Leviticus by Samuel E. Balentine (Interpretation, a Bible Commentary for Teaching and Preaching: Westminster John Knox Press) focuses on the history of Israel during this time when Israel's life was marked by the various ritual sacrifices and observances commanded by God for the ordering of the nation's life.
How should an introduction to Leviticus proceed? Will the challenge of inviting the audience for this series into a reading and thinking relationship with this book be addressed by confirming that the Hebrew text of Leviticus has been very well preserved? That the variations in the versions, for example, the Septuagint and the Samaritan Pentateuch, and in the fragments preserved from Qumran (4QLev and 11QLev), are interesting but mostly insignificant? Will the incentive for recognizing the authority of the commandments in Leviticus be enhanced by making a case, along the lines so vigorously argued by J. Milgrom, that the Priestly tradents of this book should be located in the pre-exilic period (Leviticus 1-16, pp. 3-35)? That Wellhausen's conventional and largely negative assessment of the Priestly tradition as representative of Judaism's deterioration into a ritualistic religion that is no more than a lingering "ghost of a life which is closed"—for more than a century so dominant in biblical studies—must now be turned on its head (Wellhausen, p. 405)? If readers are shown from a survey of the history of interpretation that Leviticus has remained a staple for both Jewish and Christian commentators, albeit for different reasons, from the second century B.C.E. to the twenty-first century, will they be persuaded not to abandon the book soon after they wade into its first chapters? Judging by the clerk's report and the responses to my work from friends and col-leagues, I am inclined to believe the answer to these questions is "No, probably not."
Balentine singles out three broad matters that provide a beginning point for reading this commentary. It is important to acknowledge at the outset that these issues are not offered as a substitute for the important and still instructive introductory information found in other commentaries. Indeed, what is highlighted here is in many respects not only dependent on but also culled from the disciplined and creative scholarship of those who have been my teachers in reading Leviticus. In the wake of their work, what follows may be described with the analogy of simply rearranging the furniture in a house already long occupied. Even so, as every potential home owner knows, envisioning how to rearrange what you see to make it more hospitable for your own dwelling is often an important part of deciding whether to make the purchase or not…
Deuteronomy understands Moses to have summoned forth a new community. On the other side of the plains of Moab, this new community will set its compass by the Torah's vision of the new and ever-renewing covenant that binds together God, humankind, and the cosmos (Deut. 27:1-30:20). Just as in the primeval days, so forever after the community of faith must decide whether to live in harmony with this vision or in opposition to it. And just as it was "in the beginning,' the choice remains a critical one. It is the choice between "life an( death, blessings and curses." Then as now, the Torah's vision hangs or God's abiding hope that the decision will be to "choose life so that you and your descendants may live" (Deut. 30:19).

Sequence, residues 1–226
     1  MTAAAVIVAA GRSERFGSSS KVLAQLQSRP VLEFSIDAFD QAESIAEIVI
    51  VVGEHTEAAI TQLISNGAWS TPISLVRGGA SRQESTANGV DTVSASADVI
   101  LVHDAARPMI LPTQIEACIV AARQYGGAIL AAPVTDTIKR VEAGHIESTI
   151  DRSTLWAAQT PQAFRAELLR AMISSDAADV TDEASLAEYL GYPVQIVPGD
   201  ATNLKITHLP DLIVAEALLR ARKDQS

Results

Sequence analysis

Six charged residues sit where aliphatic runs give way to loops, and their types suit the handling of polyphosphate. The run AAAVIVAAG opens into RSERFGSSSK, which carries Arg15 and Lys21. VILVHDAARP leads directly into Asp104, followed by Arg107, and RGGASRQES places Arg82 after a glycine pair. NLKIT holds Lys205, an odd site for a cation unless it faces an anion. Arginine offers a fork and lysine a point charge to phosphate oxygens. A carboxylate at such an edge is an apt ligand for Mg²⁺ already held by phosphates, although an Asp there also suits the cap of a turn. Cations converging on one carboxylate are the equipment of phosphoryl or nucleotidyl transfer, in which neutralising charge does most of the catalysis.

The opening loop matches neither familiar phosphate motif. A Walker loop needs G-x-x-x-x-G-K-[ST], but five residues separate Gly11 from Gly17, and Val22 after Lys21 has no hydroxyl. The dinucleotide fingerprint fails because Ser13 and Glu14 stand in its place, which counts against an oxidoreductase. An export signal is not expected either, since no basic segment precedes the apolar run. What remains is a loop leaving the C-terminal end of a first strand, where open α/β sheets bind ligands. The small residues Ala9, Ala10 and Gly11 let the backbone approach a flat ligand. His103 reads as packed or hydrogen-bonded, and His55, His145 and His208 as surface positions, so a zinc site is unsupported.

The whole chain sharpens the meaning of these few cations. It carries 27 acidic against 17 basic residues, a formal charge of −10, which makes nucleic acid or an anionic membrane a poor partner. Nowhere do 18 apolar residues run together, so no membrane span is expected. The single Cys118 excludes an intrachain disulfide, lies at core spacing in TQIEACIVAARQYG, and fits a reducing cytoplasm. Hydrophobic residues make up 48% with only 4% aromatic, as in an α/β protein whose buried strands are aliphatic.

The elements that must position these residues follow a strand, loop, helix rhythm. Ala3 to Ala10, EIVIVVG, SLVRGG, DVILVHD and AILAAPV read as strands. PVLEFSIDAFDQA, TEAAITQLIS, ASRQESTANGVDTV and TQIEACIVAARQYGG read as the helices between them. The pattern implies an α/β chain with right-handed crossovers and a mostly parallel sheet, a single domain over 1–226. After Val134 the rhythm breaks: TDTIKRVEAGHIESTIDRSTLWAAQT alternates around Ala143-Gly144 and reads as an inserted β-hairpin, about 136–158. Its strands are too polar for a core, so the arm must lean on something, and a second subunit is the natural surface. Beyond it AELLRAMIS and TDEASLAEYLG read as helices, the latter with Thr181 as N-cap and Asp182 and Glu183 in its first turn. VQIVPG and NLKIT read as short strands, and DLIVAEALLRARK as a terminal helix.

The importance of Leviticus for the Torah's vision may be conceptualized by charting the pride of place accorded the Sinai pericope in the Pentateuch's final form.
According to the Pentateuch's own chronology, the time span for the events recorded between the creation of the world and the death of Moses in the plains of Moab is 2,706 years. Within this time framework, the events that transpire at Sinai comprise less than one year of the total. By any reasonable definition of a proportional account of Israel's story, the year at Sinai might have been given little more than the space of a footnote. And yet, in what must be judged to be one of the most important theological anomalies of the Pentateuch's composite account, Israel's story allots fifty-eight chapters, Exodus 19–Numbers 10—more than 40 percent of the space—to the Sinai pericope. According to the Torah's vision, the year at Sinai is the constitutive experience in the formation of Israel as a "priestly kingdom and holy nation" (Exod. 19:6).
The Sinai pericope records two revelations to Israel. The first is God's revelation from the mountain of Sinai (Exodus 19—40); the second, God's revelation from the tabernacle (Leviticus 1—27). From the Torah's perspective, the revelation from the mountain is foundational and anchors Israel's past; the revelation from the tabernacle belongs to the present and future, and as such it is decisive for the ongoing life of Israel (cf. Knierim, p. 405). In the Pentateuch's final arrangement into five books, therefore, it is the third book, Leviticus, that centers the community of faith on the most important part of God's revelation. That revelation, conveyed through Moses to all Israel, announces that the worship of God, with its unyielding summons to righteousness and justice "on earth as it is in heaven," is the ultimate goal of creation.
A final introductory, and perhaps inviting, observation may
be in order. The first words of Leviticus in Hebrew, wayyigra', may be literally
translated as "and God continued calling." That call reached first from God to
Moses, then through Moses to the people of Israel, priests and laypersons alike.
Although Leviticus records no direct response, no specific verbal reply, to God
from either Moses or Israel, its abiding assumption is that God's commands will
be heard, heeded, and obeyed. To be sure, even in Leviticus there is a place for
narratives that are mindful of the potential for disobedience (10:1—20;
24:10—23), narratives reinforced by the accounts of Israel's flawed efforts
that appear so frequently and so candidly in the story that precedes and follows
this one. Nevertheless, within this one pregnant pause in the larger story, it
is not Israel's potential for failure but God's unabashed confidence in its
capacity for fidelity that takes center stage. As God continues calling, and as
Israel continues listening, the future remains open, full, and incalculably
promising. Perhaps it is just here, in these seemingly tedious, often peculiar